Mar. 20, 2008, 06:23 PM
One of my breeders bred her small Welsh pony mare to Nevada (Dutch/TB) who is barely 16h. The baby is super, and an incredible jumper, but unfortunately was 14.3 as a barely 3 year old. Luckily still growing. <grow, baby grow!>

Sugarbrook
Mar. 20, 2008, 06:26 PM
Listen to Vets horror stories of foals being cut out of their mothers because they could not be born and you would never attempt such a thing.

Why EVER take a chance??

rideagoldenpony
Mar. 20, 2008, 06:43 PM
I value the lives of my mares too much to EVER put them in that kind of jeopardy. Foaling is scary enough as it is, without adding something like that to the mix.

shea'smom
Mar. 20, 2008, 09:18 PM
I bred a 13.2 pony to a 15.2 Friesian and she just delivered a healthy foal with no problems. I have heard the rule of thumb is no more than 2 hands difference.

MagicRoseFarm
Mar. 20, 2008, 09:25 PM
There was a study done about the mare controlling the size of the offspring, ( at Colorado State or Texas A & M I think) using pony mares bred to Draft stallions. The study proved that the mares does control the size of the foal... but I could never in good conscience breed up in a big way , as I know of foals too big out of full horse mares bred to smaller horse stallions..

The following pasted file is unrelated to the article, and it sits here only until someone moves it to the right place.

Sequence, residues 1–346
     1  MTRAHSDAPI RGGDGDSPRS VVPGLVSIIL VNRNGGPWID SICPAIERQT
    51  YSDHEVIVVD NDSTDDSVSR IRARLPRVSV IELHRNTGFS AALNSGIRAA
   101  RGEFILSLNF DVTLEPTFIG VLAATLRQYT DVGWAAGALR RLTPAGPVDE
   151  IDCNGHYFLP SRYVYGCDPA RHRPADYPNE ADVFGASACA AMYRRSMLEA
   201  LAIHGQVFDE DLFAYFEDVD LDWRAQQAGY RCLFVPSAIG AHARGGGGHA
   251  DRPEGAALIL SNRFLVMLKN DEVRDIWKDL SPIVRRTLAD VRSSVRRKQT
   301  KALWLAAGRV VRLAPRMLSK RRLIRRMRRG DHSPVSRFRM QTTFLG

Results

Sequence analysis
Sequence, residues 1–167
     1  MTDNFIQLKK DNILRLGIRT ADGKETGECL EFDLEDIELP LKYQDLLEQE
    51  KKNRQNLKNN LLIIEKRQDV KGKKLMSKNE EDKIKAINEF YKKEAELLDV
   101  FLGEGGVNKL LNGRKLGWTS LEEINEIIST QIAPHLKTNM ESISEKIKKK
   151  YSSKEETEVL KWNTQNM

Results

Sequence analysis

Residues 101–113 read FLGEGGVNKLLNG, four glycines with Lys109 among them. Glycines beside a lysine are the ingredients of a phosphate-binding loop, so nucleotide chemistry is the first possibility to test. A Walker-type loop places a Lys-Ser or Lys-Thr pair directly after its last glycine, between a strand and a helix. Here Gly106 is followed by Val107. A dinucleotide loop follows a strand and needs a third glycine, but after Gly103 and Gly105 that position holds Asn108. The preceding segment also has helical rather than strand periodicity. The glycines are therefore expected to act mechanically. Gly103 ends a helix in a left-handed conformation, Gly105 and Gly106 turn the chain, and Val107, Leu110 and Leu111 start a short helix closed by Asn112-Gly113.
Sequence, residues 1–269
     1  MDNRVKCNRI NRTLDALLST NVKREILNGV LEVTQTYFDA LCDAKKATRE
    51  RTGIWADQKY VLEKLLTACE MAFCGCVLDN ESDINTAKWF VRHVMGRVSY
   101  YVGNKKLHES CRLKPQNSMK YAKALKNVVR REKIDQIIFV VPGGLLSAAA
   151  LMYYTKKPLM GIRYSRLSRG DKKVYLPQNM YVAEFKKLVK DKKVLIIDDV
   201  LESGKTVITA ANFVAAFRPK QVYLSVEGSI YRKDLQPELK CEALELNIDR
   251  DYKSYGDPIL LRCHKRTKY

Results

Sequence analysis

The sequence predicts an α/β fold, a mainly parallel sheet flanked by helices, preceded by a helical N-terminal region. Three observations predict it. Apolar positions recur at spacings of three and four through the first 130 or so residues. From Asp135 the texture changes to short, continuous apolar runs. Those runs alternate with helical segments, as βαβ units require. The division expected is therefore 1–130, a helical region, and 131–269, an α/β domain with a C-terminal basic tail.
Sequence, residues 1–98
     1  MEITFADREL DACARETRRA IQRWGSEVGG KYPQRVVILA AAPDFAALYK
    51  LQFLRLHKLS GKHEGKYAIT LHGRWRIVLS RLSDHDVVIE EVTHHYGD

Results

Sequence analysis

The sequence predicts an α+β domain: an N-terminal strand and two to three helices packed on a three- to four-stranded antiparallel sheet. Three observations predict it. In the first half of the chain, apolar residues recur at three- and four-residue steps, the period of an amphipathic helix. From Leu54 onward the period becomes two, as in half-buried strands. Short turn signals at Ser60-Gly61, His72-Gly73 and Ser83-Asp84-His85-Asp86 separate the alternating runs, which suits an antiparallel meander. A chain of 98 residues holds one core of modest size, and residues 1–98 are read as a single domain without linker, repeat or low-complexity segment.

In the case of Miniature horses there is a much higher rate of foals too large than in regular ponies or horses..

shawneeAcres
Mar. 20, 2008, 09:40 PM
People get all freaky about breeding a pony to a horse, but a lot of folks are perfectly happy to breed their 15 hand mare to a 17.2 stallion. Not much difference than breeding a 14 hand to 16.2, or a 13 hand to 16 etc. I have known of very few breedings like this that ended up with any problems, and feel the risk is no more than the risk associated with any breeding. Now would I breed a SMALL pony to a 17+ hand WB or TB? Well no cause I'd probably get a hony! But to a reasonable size (16 hand or less) probably wouldn't bother me.